Indidis hopes the court in The Hague decides "that the proceedings before the Roman courts were a nullity in law," he told the Kenyan website Standard Media.

"Some of those present spat in his face, struck him with their fists, slapped him, taunted him, and pronounced him worthy of death.

"I am suing as a friend."

The attorney first filed his case in the High Court in Kenya, but it was rejected. He then applied to have it heard at the ICJ.

He asserts that his case has a "high probability of success."

But a spokesperson from the ICJ told the website Legal Cheek: "The ICJ has no jurisdiction for such a case. It is not even theoretically possible for us to consider this case."

Editor's Note:



5. Fear of Sinking Home Prices at New Low

Just 12 percent of American homeowners believe the value of their home will go down over the next year, a Rasmussen Reports poll reveals — the lowest finding since Rasmussen began tracking the question in April 2009.

The survey found that 34 percent of homeowners think their home's value will be higher a year from now, up from 18 percent a year ago, when 25 percent thought that home prices would sink in a year. And 51 percent believe their home's value will remain about the same.

Homeowners are also optimistic about long-term housing values. Nearly half, 49 percent, believe their home will increase in value over the next five years, and only 11 percent think it will decrease.

Just a year ago, 38 percent of homeowners thought their home would be worth more in five years.

Rasmussen also found that more Americans than ever believe homeowners who can't afford their mortgage payments should sell and downsize rather than get assistance from the government.

Only 18 percent think the government should help homeowners with difficulty in paying their mortgage, and 70 percent think those homeowners should downsize. Twelve percent are undecided.

Just 15 percent of current homeowners favor government assistance for those struggling to pay their mortgage. Eight percent of Republicans feel that way, compared to 25 percent of Democrats and 17 percent of adults not affiliated with either party.

Other disclosures from Rasmussen Reports:

  • Only 5 percent of homeowners have missed or been late with a mortgage payment in the last six months.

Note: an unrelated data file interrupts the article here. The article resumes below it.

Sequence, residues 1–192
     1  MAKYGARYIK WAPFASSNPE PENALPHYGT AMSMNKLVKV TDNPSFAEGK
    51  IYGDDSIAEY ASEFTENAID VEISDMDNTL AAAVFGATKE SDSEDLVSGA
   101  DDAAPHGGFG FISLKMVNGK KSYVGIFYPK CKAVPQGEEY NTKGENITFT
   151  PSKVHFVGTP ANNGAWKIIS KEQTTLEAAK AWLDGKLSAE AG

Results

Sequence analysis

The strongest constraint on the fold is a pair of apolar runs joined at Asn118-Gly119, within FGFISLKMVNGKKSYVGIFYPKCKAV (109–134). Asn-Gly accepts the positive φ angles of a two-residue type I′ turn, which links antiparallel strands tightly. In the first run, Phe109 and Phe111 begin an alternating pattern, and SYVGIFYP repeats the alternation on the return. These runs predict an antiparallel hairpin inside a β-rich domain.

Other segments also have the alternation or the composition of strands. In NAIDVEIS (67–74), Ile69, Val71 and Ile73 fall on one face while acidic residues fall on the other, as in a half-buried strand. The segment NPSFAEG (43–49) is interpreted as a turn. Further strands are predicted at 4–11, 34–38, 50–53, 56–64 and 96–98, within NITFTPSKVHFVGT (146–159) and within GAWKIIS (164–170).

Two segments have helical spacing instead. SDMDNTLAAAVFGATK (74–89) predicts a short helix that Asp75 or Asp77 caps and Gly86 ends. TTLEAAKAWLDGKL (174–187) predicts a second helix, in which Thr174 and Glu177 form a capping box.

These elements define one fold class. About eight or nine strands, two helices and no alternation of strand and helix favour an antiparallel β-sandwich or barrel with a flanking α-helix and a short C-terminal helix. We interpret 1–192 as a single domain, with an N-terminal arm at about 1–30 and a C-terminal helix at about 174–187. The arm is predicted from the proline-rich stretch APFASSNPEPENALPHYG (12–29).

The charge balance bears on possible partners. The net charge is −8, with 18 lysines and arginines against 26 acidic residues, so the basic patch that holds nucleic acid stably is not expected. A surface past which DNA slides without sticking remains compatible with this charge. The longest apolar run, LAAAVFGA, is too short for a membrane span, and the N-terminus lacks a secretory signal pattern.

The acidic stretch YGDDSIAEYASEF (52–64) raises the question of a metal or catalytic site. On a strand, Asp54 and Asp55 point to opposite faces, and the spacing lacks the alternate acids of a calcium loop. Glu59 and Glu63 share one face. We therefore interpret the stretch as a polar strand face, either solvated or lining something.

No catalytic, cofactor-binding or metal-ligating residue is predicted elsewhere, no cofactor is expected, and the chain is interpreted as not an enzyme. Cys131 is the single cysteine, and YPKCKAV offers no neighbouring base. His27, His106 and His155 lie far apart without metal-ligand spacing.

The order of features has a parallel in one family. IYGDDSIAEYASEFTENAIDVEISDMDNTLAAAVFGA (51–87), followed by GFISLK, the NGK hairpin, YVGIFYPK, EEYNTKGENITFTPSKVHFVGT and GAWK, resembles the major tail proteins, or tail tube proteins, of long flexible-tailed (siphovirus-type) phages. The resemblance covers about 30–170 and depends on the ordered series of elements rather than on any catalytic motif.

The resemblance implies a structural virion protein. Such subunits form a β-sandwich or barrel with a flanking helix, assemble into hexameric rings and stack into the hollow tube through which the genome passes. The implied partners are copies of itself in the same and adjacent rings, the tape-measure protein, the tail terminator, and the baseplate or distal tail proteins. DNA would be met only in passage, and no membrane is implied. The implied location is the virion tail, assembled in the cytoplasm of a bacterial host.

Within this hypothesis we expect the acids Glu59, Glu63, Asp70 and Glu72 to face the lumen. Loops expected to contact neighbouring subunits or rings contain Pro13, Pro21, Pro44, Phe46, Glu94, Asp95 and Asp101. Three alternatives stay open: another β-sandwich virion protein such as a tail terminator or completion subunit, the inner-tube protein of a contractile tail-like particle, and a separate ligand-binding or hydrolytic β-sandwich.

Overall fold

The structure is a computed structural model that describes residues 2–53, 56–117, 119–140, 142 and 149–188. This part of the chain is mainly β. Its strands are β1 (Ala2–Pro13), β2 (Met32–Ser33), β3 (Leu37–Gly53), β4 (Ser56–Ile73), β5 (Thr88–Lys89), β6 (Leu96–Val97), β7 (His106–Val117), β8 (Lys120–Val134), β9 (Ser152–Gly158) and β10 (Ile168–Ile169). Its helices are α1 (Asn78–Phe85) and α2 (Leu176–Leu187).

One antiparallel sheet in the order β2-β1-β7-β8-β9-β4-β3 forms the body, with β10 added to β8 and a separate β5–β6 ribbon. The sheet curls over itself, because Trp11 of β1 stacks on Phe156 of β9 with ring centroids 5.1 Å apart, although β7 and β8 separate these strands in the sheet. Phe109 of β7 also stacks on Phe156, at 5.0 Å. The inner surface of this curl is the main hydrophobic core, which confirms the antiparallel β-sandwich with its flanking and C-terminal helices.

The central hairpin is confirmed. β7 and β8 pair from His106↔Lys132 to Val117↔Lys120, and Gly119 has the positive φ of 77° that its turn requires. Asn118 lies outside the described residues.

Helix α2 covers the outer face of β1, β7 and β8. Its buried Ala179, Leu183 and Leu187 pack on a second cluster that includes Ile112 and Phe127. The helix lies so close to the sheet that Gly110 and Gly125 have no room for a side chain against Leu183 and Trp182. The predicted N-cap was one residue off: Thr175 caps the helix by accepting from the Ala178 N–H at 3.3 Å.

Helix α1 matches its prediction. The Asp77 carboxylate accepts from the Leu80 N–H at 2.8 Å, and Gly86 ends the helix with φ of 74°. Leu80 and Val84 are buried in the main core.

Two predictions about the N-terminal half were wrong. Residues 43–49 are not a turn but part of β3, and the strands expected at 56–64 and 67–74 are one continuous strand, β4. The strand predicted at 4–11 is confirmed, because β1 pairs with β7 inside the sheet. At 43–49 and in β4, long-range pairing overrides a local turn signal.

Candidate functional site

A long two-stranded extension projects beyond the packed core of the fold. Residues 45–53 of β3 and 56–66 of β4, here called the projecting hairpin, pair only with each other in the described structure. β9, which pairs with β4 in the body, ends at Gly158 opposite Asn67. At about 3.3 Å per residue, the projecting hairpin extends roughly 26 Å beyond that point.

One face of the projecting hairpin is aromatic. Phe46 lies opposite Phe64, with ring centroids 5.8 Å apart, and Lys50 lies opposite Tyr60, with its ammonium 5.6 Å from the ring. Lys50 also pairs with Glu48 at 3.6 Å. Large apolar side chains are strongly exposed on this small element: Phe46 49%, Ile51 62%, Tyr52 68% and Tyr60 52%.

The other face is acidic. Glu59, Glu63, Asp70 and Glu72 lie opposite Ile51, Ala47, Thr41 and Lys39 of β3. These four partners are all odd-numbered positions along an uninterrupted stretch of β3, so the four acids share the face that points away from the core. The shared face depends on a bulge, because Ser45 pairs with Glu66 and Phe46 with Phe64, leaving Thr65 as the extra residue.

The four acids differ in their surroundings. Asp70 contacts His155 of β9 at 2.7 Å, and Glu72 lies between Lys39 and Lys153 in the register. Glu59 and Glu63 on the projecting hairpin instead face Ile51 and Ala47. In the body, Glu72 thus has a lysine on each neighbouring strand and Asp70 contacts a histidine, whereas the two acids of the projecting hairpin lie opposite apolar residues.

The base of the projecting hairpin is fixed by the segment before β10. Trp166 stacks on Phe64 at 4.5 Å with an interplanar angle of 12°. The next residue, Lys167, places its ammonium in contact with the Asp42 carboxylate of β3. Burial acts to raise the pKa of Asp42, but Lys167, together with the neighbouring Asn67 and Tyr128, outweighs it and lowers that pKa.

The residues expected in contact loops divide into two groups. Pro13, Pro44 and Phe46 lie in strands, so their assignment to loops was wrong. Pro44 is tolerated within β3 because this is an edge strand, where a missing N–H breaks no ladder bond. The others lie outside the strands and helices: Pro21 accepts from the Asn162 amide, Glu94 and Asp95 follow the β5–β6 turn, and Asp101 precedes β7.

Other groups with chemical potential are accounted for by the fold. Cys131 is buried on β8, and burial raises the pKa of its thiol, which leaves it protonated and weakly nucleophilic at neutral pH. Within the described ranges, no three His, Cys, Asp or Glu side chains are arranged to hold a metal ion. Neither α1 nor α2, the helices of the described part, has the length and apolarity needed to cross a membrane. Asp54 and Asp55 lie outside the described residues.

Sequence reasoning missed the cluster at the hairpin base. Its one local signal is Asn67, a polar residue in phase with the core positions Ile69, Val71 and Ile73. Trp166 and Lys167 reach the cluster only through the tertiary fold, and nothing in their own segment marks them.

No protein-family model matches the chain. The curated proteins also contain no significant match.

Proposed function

• 6 percent think it is at least somewhat likely that they will miss or be late with a payment in the next six months, including 2 percent who think it is very likely.
  • 60 percent of homeowners now say their home is worth more than what they owe on their mortgage, the highest percentage this year.

Editor's Note:



6. We Heard…

THAT Donald Trump branded Anthony Weiner as a "pervert" in March — before the latest revelations about Weiner's sexting.

At the American Conservative Union's CPAC 2013 gathering, the billionaire was asked about Weiner possibly running for mayor in New York City.

"Well he's a pervert," Trump said. "I mean the guy's a whack-job pervert. In politics, that doesn't necessarily deter you in this country."

Trump went on to say: "The guy's a sick pervert, and we need good people. He's not going to change."

On July 22, Trump tweeted: "My comment last March — 'Anthony Weiner is a sick pervert, you think he will change? He will never change.'"

THAT in a sign of the times, the Army and Air Force Exchange Service, which operates stores on military bases, will permanently stop selling 891 magazines due to low demand.

Bases are now equipped with WiFi and allow iPhones, iPads, Kindles, and other digital devices, so military personnel can read magazines online.

Magazine sales on bases fell more than 18 percent from 2011 to 2012 alone, the New York Observer reported.

The magazines no longer available include a wide variety of titles, from The New York Review of Books to The Marine Corps Gazette to Playboy.

THAT President Barack Obama will make a guest appearance on "The Tonight Show" on Tuesday, his fourth visit since taking office.

His last appearance as a guest on Jay Leno's program was on Oct. 24.

On this visit, NBC says he will talk about "job initiatives and the economy."

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Editor's Note: